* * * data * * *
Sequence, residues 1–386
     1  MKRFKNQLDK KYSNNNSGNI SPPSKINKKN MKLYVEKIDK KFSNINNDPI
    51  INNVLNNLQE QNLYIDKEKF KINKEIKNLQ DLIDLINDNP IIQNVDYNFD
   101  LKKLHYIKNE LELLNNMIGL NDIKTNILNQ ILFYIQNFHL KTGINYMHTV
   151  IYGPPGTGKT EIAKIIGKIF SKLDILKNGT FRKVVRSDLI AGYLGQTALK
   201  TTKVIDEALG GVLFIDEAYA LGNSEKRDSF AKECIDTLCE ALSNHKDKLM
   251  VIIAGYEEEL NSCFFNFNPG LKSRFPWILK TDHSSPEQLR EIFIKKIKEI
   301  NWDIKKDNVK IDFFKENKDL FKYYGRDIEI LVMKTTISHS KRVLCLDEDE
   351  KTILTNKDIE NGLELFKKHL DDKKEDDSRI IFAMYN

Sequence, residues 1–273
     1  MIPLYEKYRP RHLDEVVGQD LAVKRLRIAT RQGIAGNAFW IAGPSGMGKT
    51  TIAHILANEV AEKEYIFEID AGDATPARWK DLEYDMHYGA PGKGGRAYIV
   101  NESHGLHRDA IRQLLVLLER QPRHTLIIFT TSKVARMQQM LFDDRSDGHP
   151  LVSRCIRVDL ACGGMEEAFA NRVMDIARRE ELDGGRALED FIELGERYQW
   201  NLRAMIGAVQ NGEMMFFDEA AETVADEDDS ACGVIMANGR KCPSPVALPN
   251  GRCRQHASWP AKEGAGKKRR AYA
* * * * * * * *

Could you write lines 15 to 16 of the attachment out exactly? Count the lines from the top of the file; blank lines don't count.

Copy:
   201  NLRAMIGAVQ NGEMMFFDEA AETVADEDDS ACGVIMANGR KCPSPVALPN
   251  GRCRQHASWP AKEGAGKKRR AYA